blank.gif (51 bytes) Democracy
Who Cares in the
Legislature Meets?

by Bob Thomas

ere we go again—I see the Dis-Information Service Department of the University of Nevada, Reno has geared up full-swing for this legislative session. In particular, the specific piece of propaganda I’m referring to is UNR’s recent claim that a university-conducted poll shows that over half of Nevada’s citizens want annual legislative sessions.

Now what’s so phony about that? Well, the university folks have been making that claim prior to every legislative session as far back as I can remember. And that includes the 1983-’85-’87 sessions, when I was the District 37 assemblyman.

In the first place, if anybody credible conducted such a poll and it was done accurately with respect to an equal mix of income levels, with fine statistical proportion of private vs. public workers being interviewed, not asking leading questions which will produce "proper" answers, and taking into consideration that 50 percent of all people called won’t even talk to pollsters, then the results would show that the vast majority of taxpayers, as opposed to tax-takers (public employees and teachers) don’t give a hoot if the Legislature meets at all!

Now let’s examine why the University and Community College System of Nevada wants us citizens to support annual legislative sessions. It always comes down to money. How does the university-college system get its money? From the Legislature. Budgetary increases for higher salaries and whatever else cannot be had without legislative approval during a legislative session.

So it becomes obvious doesn’t it? If you were a member of the education establishment wouldn’t you rather have a crack at the Legislature every year instead of every other year? Of course you would. This gives you double the opportunity to lobby for more money.

And lobby they do. During my tenure as a legislator the university-college system had at least one full-time lobbyist, a Ph.D. who purportedly taught regular classes at UNR and was also a representative of the professor’s quasi-union, plus regular lobbying visits from assistant administrators and sometimes even the president himself. So anytime you hear claims being made by the public education establishment about what we taxpayers want, just ask yourself, "What’s in it for them?" Yup, always more money!

Now let’s take a look at the main reason why we taxpayers can’t afford annual legislative sessions. You’ve no doubt heard the term "citizen legislature?" A citizen legislature means that your elected lawmakers come from all walks of life. For example, when I was in the Assembly, we had a couple of businessmen, a taxi driver, a casino owner, a contractor, two union electricians, a union laborer steward, an optometrist, three engineers, three ranchers, a railroad conductor, a health care provider, three public employees, three educators, six lawyers, three housewives and a variety of others. Indeed, we had a citizens’ legislature, a representative cross-section of Nevada’s people. Out of 63, only six were lawyers.

Now contrast that with California which has over 80 percent lawyers in its legislature. Do you think a legislature made up by an overwhelming majority comprised of any single class of persons will be as safe for citizens as a citizen legislature? In the 1930s when I was a kid in California, we too had biennial legislative sessions just like Nevada, and a citizen legislature. And California was a helluva lot nicer place to live then than it is now!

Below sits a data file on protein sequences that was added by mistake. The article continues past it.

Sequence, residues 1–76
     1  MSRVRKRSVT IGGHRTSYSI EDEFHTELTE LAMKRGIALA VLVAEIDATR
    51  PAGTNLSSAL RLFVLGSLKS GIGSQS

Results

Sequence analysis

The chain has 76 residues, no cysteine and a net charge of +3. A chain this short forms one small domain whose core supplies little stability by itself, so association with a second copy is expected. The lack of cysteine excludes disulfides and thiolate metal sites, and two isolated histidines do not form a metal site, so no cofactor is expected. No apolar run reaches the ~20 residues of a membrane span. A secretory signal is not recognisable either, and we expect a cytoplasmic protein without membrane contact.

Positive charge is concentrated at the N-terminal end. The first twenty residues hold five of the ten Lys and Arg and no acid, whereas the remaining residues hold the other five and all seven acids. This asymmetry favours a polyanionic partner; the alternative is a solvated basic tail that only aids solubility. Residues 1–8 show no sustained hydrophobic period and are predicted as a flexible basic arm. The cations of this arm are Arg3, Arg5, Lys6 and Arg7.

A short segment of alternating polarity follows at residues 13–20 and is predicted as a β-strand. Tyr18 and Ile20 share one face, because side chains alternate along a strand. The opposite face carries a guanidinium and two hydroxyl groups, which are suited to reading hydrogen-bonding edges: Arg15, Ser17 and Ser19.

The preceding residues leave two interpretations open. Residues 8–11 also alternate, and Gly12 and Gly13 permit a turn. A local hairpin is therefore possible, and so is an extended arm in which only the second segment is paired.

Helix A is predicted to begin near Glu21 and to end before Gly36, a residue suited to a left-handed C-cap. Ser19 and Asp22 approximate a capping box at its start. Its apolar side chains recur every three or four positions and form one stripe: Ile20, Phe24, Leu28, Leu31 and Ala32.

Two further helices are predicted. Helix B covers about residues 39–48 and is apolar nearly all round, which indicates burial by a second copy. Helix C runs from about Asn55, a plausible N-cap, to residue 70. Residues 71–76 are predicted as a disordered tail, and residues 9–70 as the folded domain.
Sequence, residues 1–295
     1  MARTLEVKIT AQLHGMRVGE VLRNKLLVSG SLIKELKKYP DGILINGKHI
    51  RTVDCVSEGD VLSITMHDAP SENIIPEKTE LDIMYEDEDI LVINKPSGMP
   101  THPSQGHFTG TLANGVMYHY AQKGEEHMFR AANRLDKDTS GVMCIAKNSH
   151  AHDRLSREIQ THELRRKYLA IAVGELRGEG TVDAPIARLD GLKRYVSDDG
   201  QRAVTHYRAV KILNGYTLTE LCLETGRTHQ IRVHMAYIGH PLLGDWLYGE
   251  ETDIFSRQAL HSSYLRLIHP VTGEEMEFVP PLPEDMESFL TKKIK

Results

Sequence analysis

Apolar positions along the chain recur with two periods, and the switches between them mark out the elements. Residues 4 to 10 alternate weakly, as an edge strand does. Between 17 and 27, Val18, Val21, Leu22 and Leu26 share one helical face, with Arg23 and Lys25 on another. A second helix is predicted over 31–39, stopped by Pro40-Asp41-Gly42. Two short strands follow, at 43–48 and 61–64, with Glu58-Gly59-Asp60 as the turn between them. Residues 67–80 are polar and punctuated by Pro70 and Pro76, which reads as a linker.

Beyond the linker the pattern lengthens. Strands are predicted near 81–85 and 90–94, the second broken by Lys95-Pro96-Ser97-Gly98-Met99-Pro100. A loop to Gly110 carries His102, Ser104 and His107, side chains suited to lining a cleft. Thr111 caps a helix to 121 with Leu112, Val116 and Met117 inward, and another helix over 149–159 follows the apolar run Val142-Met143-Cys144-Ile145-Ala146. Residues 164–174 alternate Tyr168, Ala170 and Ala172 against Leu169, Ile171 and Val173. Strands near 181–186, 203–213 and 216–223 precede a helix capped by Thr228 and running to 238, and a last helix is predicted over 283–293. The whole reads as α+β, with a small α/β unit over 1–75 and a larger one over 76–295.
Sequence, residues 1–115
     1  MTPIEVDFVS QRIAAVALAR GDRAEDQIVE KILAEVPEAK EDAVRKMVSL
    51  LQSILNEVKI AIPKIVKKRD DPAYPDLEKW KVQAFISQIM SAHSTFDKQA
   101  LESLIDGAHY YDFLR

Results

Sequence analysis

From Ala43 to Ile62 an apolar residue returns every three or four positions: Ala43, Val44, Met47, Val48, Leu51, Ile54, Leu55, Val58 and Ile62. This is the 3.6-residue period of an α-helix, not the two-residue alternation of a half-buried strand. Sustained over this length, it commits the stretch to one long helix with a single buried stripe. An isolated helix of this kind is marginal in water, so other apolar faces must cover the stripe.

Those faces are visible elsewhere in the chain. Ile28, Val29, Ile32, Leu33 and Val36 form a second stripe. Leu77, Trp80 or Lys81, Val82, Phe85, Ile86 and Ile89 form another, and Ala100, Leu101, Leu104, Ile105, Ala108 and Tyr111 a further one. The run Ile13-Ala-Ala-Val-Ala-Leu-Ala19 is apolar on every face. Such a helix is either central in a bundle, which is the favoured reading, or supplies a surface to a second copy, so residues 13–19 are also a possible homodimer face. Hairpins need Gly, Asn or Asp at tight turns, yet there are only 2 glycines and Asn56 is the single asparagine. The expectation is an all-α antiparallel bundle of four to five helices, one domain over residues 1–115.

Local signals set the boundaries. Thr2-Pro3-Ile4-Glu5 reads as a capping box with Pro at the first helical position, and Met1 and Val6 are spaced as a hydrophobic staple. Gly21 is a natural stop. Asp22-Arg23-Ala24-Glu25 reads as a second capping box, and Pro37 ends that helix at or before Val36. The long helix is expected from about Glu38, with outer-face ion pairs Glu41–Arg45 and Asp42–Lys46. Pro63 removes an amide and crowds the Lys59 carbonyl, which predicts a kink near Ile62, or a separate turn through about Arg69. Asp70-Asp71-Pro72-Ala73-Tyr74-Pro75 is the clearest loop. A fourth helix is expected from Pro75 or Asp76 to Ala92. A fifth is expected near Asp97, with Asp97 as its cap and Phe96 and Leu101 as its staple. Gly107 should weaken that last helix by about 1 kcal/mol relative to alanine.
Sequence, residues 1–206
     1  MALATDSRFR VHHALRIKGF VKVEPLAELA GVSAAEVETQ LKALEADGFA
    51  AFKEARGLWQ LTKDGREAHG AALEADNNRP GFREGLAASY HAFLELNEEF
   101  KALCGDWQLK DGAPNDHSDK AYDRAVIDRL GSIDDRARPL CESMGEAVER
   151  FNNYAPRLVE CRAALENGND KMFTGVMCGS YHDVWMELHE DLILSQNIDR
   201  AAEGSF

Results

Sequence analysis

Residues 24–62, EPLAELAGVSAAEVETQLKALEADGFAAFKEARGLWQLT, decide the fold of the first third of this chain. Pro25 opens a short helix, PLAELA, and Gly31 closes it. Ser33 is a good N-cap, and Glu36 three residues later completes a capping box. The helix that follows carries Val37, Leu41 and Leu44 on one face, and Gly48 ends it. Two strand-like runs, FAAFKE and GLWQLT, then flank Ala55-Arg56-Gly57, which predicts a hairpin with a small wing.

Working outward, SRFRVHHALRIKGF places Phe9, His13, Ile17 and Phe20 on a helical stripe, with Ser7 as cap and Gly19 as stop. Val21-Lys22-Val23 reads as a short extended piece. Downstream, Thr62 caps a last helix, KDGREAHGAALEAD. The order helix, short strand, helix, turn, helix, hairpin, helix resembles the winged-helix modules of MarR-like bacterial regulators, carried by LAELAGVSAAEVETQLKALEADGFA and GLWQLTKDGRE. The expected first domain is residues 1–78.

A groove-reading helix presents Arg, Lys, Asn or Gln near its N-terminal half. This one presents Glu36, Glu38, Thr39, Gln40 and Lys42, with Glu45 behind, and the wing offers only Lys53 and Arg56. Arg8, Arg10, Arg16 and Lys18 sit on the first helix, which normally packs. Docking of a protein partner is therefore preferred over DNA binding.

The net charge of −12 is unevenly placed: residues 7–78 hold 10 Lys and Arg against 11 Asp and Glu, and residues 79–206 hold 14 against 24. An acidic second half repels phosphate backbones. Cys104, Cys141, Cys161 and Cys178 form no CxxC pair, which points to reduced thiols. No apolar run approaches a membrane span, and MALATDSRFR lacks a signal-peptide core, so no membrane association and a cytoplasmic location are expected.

What changed California? Annual sessions, and then continuous sessions. Shortly following the vote to annualize the legislature, the complexion changed from a citizen legislature to mostly lawyers. Why? Because plain old citizens like you and me cannot afford to take time off from making a living to serve every year. But lawyers can because law firms know that having one of their members in the legislature is a prestige factor for the firm, so they cover their guy’s full salary while he (or she) is in legislative session. Also, this establishes the lawyer-legislator to become a lucrative lobbyist for the firm at the end of his legislative career.

Fortunately, the choice will ultimately be ours because annual sessions will eventually come to a citizen vote. Just remember that at the start of the 1999 session more than 1,400 bills had already been drafted for a 120-day legislative session. Good grief! Can you imagine a double dose of this? That’s exactly what we’ll get if we approve annual sessions. And don’t let the proponents tell you that we’ll only have half as many bills with annual sessions. There’s no precedent for that claim in any other state! Lawmakers will always squeeze in as many bills as they can.

If you’re a taxpayer who works in the private sector of our economy—that is, you don’t work for government and you’re not on some kind of welfare or assistance program—then there is nothing the Legislature can do for you. The Legislature can only hurt you through higher taxes or loss of freedom. The fewer legislative sessions we have and the shorter they are the better off we are! NJ

Bob Thomas , a Carson City businessman, is a former Nevada state assemlyman. This article is reprinted from the Nevada Appeal with permission.


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